He was interviewed again about more robberies in the East Cheshire and Staffordshire areas and was charged with two further offences of robbery and asked for six robbery offences and a burglary to be taken into consideration. He appeared in court and was remanded into custody.

Enquiries continued as the investigation team believed he had committed more offences. He was interviewed again and a further robbery, two thefts of number plates and an attempt theft where identified, all of which Overton asked to be taken into consideration.

DI Hassall said: "There is a lot of work that goes on in the background in complicated investigations such as this, which the public don′t get to see. Staffordshire did an equally good job and between them, the team in Congleton, Macclesfield and Crewe, we are seeing a dangerous man back behind bars."

Look out for your neighbours


As families look forward to having fun on Halloween and Bonfire Night, Cheshire Police are asking everyone to consider their neighbours when they are celebrating. Often some of the most vulnerable people who live in our communities dread this time of year especially if they are on their own as they can feel intimidated by trick or treaters and scared of people setting off fireworks near their homes.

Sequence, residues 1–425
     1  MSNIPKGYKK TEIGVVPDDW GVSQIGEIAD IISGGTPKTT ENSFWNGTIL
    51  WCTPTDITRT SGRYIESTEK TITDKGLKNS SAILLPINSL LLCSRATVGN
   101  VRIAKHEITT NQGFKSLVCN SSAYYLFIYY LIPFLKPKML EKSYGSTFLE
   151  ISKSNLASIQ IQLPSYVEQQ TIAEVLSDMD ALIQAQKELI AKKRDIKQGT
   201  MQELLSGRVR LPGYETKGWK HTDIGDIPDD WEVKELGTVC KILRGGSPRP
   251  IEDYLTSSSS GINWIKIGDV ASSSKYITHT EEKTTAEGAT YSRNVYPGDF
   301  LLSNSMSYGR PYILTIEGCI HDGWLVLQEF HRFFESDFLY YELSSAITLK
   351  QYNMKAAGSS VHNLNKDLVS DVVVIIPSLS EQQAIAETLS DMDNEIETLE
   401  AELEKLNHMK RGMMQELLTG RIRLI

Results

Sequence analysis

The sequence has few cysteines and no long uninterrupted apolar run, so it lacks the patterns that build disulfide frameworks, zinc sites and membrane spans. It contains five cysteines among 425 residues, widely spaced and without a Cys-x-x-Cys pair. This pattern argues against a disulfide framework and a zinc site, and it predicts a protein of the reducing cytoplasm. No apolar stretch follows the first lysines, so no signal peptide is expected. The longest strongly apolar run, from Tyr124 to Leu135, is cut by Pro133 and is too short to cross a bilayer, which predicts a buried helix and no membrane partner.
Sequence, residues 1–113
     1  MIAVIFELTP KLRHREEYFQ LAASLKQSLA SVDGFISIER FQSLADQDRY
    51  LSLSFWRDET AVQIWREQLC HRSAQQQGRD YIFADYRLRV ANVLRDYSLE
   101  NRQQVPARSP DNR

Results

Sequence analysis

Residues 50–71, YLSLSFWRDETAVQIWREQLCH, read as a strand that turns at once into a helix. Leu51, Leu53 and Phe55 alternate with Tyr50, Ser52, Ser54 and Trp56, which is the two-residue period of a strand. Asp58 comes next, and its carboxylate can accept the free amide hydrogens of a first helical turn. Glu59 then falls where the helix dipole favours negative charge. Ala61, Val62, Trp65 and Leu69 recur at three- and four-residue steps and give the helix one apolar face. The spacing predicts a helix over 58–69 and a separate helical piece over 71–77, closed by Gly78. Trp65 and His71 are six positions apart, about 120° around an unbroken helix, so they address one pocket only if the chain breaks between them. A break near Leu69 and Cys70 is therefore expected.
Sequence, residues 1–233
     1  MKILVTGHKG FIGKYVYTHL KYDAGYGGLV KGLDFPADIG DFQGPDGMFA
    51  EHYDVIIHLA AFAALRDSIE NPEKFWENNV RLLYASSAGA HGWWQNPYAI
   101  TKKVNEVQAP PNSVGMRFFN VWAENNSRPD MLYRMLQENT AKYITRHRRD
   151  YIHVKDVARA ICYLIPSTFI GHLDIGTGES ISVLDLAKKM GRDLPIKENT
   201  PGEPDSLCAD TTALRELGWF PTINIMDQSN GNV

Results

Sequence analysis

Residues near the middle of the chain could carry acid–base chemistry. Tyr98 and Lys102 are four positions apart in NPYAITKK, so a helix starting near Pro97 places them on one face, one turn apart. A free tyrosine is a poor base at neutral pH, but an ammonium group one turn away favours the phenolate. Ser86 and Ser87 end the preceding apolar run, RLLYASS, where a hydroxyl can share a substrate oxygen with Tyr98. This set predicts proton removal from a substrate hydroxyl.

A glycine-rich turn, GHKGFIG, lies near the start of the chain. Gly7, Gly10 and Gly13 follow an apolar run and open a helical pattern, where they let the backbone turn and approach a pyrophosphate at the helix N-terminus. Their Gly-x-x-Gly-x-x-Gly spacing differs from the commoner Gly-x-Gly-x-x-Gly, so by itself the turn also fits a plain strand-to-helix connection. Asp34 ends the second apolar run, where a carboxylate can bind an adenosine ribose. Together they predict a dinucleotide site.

Anti-social behaviour is more prevalent during Halloween and Bonfire celebrations as some people believe their own enjoyment comes first. Cheshire Police′s message is simple; officers will robustly challenge anyone committing anti-social behaviour over the coming fortnight.

As part of the National Association of Chief Police Officers′ In Focus week, Cheshire officers will be focusing their attention on taking action to crack down on incidents of anti-social behaviour.

Inspector Gareth Woods, of Communities Unit, Cheshire Police Lead for ASB, said

"Remember remember this October and November that not everyone enjoys this time of year. Think about other people who live near you and be respectful of how your celebrations might impact on your neighbours.

"We want to encourage victims of persistent anti-social behaviour to pick up the phone, and report it to the police, but to also be aware that there is support available and they do not have to feel isolated.

"Tackling anti-social behaviour is a year-long priority for us, but it′s prominence increases in the days and weeks around Halloween and Bonfire Night. Cheshire Police and our partners have a range of tactics in place to deal swiftly with any anticipated problems. If any members of the public want to report persistent incidents of anti-social behaviour, contact us on 101 for non-emergencies and 999 if it is an emergency.